The Research Saga Continues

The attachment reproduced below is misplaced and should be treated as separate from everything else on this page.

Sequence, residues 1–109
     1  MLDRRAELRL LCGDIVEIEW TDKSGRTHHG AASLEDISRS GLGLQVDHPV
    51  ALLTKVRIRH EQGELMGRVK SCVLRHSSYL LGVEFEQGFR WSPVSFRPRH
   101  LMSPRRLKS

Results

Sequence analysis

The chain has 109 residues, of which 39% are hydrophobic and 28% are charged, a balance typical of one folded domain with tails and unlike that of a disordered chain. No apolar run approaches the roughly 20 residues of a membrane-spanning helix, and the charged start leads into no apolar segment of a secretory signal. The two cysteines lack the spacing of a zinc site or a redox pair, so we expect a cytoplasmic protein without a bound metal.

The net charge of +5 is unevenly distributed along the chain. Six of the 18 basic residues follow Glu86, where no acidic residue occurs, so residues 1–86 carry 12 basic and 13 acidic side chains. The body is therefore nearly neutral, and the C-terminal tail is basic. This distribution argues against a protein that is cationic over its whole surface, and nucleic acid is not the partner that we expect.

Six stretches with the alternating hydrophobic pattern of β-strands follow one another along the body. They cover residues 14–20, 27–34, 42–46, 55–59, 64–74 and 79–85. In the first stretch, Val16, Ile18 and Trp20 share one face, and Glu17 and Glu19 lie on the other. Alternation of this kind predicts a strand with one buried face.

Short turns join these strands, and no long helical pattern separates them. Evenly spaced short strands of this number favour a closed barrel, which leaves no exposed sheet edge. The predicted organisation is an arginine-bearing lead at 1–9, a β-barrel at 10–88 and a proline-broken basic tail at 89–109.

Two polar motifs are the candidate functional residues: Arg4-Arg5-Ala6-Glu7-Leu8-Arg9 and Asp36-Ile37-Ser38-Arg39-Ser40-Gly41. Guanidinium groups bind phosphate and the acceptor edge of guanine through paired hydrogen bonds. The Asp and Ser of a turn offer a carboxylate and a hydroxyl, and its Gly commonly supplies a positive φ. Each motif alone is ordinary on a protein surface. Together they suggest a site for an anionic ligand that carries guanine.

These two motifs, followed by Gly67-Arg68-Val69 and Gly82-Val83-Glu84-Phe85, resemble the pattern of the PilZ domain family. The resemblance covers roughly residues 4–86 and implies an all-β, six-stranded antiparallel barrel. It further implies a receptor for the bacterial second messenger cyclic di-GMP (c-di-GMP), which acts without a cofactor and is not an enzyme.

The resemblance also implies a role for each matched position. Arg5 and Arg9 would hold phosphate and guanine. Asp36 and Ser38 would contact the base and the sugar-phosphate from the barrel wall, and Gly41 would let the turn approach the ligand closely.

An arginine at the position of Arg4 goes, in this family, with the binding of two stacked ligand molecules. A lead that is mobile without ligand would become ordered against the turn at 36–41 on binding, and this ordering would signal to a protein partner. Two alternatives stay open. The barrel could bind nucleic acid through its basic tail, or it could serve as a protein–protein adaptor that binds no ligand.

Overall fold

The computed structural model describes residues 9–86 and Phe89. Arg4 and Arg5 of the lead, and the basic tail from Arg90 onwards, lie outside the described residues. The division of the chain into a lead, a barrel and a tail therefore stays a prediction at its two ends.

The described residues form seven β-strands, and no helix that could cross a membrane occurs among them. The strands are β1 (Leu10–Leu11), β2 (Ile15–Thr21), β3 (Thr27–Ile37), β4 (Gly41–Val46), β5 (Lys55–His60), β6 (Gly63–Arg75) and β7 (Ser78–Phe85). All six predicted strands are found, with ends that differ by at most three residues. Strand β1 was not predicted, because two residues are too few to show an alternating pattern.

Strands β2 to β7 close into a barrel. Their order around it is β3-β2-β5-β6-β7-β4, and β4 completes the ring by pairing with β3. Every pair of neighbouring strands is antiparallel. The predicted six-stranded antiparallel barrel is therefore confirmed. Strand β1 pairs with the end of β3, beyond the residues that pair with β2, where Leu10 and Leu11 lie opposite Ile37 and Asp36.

During my junior year, Dr. Frank Fish offered me the opportunity to work on a research project studying the locomotion of eider ducks (Somateria mollissima) at Shoals Marine Laboratory. The project involved locating flocks of the birds swimming at the surface of the water and driving near them with an inflatable boat to provoke an escape response. Video analysis of these escape responses revealed two distinct locomotory patterns: 1) rapidly beating the wings against the water to produce thrust and hydroplane along the surface (steaming) and 2) lifting the body out of the water and “running” along the surface while flapping the wings (paddle-assisted flying). Out study was the first to describe these behaviors for the eider duck and the first to give a full biomechanical definition for each (Gough et al., 2015).